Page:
The cornerbacks are led by senior Maurice Canady (6'0, 185), one of the top corners in the entire ACC. Canady totaled three interceptions last season along with 12 pass break-ups. He’s not the most physical corner in the world, but he makes up for it with very good athleticism, good length, and great ball skills. On the other side, Virginia returns a part-time starter in junior Tim Harris (6'2, 200), who started five games last season. He was still really learning how to play the game at the college level last year and had some mis-steps, but he has an elite combination of size and speed, and the hope for Virginia is that the light has turned on for him in the offseason. There is some depth behind those two as well, with one-time starter Demetrious Nicholson (5'11, 185), who missed most of last season with turf toe, returning for his final campaign. Junior Divante Walker (5'10, 175), who played in ten games last season, will round out the rotation.

UCLA’s offense is one of the most experienced units in the country, with experienced talent at every position…except one. That position, quarterback, just so happens to be the most important on the field, and it’s the one where UCLA felt the biggest loss from a season ago. Gone is Brett Hundley and his 40 career starts, and in is Josh Rosen, who’s among the most heralded and hyped incoming freshmen in recent memory.

Rosen won the starting job after an excellent performance in spring practices and a good-enough showing in fall camp, while showing flashes of upside that gave coaches a glimpse of what Rosen’s potential is in both the short and long term. He is much more of a pocket-oriented passer than Hundley was, but he isn’t a pure statue. He has great feet which gives him excellent pocket mobility and he has the ability to get out and run. Where he stands out the most is in his advanced feel for the game and great arm. From what we’ve seen and heard, he already knows the offense inside and out, and it’s just a matter of adjusting to the speed of the college game.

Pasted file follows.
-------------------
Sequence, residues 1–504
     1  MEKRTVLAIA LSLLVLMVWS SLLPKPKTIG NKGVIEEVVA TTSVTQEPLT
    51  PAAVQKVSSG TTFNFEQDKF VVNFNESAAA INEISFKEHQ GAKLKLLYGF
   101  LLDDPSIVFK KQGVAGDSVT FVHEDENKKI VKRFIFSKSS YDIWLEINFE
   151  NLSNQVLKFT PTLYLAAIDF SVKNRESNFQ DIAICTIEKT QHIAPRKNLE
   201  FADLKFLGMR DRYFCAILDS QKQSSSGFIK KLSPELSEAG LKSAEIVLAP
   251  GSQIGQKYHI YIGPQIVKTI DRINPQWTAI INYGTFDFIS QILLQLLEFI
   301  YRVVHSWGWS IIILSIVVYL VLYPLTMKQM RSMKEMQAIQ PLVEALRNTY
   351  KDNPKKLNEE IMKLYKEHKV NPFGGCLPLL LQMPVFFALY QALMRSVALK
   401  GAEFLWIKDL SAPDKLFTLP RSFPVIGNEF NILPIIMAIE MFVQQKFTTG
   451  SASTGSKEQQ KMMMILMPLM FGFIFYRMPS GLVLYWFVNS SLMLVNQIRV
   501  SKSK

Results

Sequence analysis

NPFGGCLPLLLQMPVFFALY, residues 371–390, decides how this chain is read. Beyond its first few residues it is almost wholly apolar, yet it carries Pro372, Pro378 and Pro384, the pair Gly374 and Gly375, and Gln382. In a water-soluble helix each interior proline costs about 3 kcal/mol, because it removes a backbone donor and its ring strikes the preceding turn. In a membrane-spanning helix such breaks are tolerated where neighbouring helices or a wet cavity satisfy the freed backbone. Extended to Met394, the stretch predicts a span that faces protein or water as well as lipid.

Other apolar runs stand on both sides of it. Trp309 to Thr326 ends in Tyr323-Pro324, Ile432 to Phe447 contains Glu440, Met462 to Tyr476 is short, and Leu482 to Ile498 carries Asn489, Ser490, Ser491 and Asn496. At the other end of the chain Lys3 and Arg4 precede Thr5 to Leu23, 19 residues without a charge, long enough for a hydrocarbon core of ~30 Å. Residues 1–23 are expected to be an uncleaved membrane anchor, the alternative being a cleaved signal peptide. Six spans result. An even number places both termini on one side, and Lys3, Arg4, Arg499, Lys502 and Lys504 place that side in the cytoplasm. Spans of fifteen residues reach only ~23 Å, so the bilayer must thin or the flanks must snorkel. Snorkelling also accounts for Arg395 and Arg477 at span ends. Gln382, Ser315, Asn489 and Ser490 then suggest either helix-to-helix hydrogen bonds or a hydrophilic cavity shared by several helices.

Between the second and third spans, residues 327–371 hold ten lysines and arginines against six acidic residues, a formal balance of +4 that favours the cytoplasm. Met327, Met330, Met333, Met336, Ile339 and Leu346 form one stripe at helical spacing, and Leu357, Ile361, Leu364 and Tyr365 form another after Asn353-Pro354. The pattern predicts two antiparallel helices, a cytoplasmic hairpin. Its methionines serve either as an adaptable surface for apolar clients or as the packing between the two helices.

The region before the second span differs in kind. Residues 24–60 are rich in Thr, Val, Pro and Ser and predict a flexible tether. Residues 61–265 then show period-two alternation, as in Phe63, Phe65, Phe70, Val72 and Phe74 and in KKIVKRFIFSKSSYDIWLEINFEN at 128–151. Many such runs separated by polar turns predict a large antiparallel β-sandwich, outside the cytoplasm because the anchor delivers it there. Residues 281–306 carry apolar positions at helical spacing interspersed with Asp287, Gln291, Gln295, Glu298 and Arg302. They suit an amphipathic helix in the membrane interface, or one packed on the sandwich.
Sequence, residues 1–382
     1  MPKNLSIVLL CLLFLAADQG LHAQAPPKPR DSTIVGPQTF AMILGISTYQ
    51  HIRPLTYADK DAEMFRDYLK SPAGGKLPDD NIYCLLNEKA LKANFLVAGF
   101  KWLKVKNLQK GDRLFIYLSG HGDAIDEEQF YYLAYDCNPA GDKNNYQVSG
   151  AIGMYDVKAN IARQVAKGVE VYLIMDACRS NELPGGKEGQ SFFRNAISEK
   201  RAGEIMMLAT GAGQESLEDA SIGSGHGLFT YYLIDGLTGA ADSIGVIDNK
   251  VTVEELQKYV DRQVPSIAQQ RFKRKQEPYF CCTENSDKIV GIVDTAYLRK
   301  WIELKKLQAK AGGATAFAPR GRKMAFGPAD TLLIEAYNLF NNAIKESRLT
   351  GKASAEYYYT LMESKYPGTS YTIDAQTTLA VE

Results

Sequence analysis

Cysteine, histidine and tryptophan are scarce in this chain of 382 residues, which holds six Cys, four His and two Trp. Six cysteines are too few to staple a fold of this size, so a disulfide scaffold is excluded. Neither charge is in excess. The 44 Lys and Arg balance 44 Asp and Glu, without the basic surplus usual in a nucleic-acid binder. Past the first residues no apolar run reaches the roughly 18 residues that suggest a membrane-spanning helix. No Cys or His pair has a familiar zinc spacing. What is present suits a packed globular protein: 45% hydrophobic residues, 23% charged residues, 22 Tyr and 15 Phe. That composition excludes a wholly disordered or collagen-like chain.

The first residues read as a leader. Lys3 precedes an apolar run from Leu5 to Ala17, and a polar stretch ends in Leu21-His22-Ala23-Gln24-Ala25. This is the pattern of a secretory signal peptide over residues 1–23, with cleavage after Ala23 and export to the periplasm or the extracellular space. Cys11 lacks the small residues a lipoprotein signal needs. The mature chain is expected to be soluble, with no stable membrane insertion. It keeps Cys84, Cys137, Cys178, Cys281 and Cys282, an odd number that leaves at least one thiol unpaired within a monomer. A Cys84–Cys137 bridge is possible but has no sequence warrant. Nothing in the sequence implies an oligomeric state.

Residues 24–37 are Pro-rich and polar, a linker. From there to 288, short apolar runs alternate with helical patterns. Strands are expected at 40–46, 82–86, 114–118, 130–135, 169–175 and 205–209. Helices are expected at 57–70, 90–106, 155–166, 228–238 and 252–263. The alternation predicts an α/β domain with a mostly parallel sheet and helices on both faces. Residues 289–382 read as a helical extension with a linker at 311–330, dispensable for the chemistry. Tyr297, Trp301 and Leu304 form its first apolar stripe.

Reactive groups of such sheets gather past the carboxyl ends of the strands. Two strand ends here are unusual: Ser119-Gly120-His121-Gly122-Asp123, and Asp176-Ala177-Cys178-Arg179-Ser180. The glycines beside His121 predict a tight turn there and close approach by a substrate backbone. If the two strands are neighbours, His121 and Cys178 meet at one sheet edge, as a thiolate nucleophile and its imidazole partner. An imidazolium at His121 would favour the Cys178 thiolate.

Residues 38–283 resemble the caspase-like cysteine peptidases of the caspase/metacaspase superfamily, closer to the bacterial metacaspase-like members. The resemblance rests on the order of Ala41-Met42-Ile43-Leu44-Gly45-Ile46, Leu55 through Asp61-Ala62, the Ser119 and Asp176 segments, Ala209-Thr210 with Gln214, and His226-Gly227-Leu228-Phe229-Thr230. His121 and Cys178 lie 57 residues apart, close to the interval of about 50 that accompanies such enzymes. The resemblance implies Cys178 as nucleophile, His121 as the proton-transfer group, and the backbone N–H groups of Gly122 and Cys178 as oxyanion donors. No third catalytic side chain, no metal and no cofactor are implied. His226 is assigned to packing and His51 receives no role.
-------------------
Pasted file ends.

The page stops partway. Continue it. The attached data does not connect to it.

He’ll be given as much time as possible to adjust to that speed considering the quality of the offensive line he’ll have in front of him. Every player starting on the offensive line this season started at least one game last year, and in players like Jake Brendel (four-year starter), Caleb Benenoch (three-year starter), and Alex Redmond (three-year-starter), UCLA has a wealth of experience it hasn’t had in a very long time along the offensive front.

The group’s most talented player is redshirt junior offensive tackle Conor McDermott. McDermott was inserted into the starting lineup midway through the season last year and the effect was immediate. UCLA took far fewer sacks with McDermott as the starter at left tackle, as his length, strength, and excellent feet kept pass-rushers from getting a free shot at Brett Hundley at the deepest point of his drop. If anything, McDermott has gotten stronger in the offseason, and he seems poised for a huge year. On the opposite side, Benenoch is in the best shape of his UCLA career, looking almost like a left tackle himself. He has reformed his body, and he looked much more mobile in fall camp. A reasonable expectation is that Benenoch will be much better in pass protection this year and maintain his solid level of run-blocking ability.

Brendel is the steady man in the middle, and he should help to take a significant amount o pressure off of Rosen with his ability to make calls at the line of scrimmage. Brendel actually missed last season’s Virginia game with a slight knee injury, and that probably played a significant role in the issues the UCLA offense had in that game. Brendel got a little bit stronger in the offseason and had a very nice camp. Redmond, who didn’t have a great year last season, looked much better this offseason. The big thing for him will be to play under control, as he can at times let his emotions get the best of him. Kenny Lacy is the new-ish starter, but he was arguably UCLA’s best guard a season ago, and looked very good in his few games in the middle of the year. He is a good athlete, and has improved his strength since last year.

All told, it’s UCLA’s best offensive line in quite some time, and should be good both in the run game and in protecting Rosen.

Paul Perkins, USA Today